Originally Posted by myapplelove
You are wrong, privacy is a right he's earned.
Originally Posted by Curmudgeon
Privacy does not have to be earned. It's pretty much a birth rite. It's sad that our mass media can't seem to understand such a simple concept.
Originally Posted by sip
Having been diagnosed with ESLD (end-stage liver disease) about five months ago, I have had to learn a hell of a lot more about the liver than I really wanted to. ...
This disease literally turns your life upside down -- day becomes night and night becomes day. ... liver disease can come back even if you've had a transplant.
This is the kind of disease that any decent human being wouldn't ever wish upon their worst enemy, so I just hope that whatever SJ's problem might be, that this discussion doesn't end up in the gutter with snide comments about the man himself or the impending demise of Apple Inc
Agreed about the "snide comments about the man himself"... ...and feel for your own living hell... ...nonetheless....
...if Apple were a privately held company, the owners would have every right to be as private about the matter as they wished, but it is not and only the two posters below seem to have any
idea how the real world of public corporations works and why...
Originally Posted by dukemeiser
Not sure how you can run a company with the second largest market cap and expect your life to be "private".
Originally Posted by Dr Millmoss
Pretty much agreed with you until the last paragraph. The reasons you don't hear about the health of those other CEOs is because they don't have cancer and haven't needed organ transplants. If any health issues threatened to take them away from the company, then you might very well hear about them. The question of whether the health of a CEO is material information to investors is a matter of discussion, not ridiculous on the face of it, not by a long shot.
During Steve's last leave of absence, people familiar with corporate governance rules and SEC regulations came down on the side of more complete disclosure than the extremely sketchy information which Apple deemed appropriate. I think they're going to have similar problems with this announcement, which is awfully vague on the details.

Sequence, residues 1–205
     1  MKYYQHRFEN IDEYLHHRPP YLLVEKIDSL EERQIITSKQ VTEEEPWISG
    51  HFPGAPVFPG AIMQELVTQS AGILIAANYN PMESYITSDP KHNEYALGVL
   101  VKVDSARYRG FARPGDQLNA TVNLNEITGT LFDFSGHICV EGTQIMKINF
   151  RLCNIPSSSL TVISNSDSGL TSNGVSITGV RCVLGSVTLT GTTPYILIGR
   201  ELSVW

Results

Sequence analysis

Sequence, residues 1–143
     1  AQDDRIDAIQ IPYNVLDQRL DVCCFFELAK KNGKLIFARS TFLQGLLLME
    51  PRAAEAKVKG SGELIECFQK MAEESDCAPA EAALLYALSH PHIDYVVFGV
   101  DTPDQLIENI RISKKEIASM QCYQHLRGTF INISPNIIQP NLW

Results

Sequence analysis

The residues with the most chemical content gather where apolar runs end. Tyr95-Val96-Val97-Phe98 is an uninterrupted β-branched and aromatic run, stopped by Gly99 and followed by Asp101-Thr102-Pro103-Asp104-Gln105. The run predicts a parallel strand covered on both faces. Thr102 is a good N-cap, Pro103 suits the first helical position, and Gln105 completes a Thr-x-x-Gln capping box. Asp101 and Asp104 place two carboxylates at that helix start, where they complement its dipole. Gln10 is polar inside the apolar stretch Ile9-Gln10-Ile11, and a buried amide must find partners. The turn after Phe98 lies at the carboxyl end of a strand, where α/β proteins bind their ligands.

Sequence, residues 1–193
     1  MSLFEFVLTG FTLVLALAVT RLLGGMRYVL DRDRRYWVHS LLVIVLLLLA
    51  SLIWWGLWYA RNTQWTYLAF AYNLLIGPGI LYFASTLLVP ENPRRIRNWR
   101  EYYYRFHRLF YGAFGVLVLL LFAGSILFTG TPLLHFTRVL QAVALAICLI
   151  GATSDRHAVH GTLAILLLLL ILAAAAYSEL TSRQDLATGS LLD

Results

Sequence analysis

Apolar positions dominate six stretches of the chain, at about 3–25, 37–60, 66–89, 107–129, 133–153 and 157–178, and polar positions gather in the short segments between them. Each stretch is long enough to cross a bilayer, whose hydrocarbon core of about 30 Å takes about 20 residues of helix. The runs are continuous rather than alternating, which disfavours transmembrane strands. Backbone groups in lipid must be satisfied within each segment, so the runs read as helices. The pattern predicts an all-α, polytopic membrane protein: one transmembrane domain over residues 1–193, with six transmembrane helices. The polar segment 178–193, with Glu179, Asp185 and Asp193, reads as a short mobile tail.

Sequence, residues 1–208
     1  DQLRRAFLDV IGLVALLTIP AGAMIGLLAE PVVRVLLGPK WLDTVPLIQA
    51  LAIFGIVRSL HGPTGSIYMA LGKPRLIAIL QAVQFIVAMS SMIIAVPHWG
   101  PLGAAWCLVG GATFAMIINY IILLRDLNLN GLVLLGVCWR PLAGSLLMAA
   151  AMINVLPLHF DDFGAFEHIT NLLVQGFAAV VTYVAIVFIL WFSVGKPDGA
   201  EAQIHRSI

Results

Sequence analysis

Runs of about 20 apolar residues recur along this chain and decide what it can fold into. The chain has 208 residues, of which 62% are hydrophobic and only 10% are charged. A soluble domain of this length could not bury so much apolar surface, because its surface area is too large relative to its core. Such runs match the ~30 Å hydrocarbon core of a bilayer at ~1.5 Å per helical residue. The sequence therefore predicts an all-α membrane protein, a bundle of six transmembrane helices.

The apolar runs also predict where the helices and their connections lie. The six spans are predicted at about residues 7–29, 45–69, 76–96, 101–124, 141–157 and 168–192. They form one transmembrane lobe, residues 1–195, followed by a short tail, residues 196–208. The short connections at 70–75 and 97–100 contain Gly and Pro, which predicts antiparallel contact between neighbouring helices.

Maybe an analogy will help some of you get that this is more than a matter effecting only the man and his family: If the style, involvement and vision of the men at the top didn't matter, NFL, NBA and MBL coaches would never get fired - and while no coach can make a silk purse out of the wrong team or org, an ineffective coach can quickly bring a talented group down to mediocrity - or help it rise to the heights by the players buying into the vision and being willing to run through walls for the team.
And the value of publicly held stocks wouldn't vacillate so much around board room news, whether leaves of absence, hirings or firings of CEO's and Presidents. Because leadership does matter.
For example, if the White House were to announce that President Obama had taken a leave of absence from his job for undisclosed health reasons and that Joe Biden was in charge of the country for the interim, would you still all say it was a private matter between he and his family, and that's all we need to be told? Public lives have public as well as private responsibilities.
The CEO of Apple's ability to function and likelihood to return to work is a matter directly effecting the lives and welfare literally tens of millions of people and thousands of other companies to one degree or another, and Apple, if not SJ personally, faces tremendous pressure to disclose what they know about the seriousness of the health concern and some kind of best projected timeline for when or if it might be resolved to all of these stakeholders, even if not every gory detail.
That said, like virtually everyone else here, this is sad news and he is wished all the best.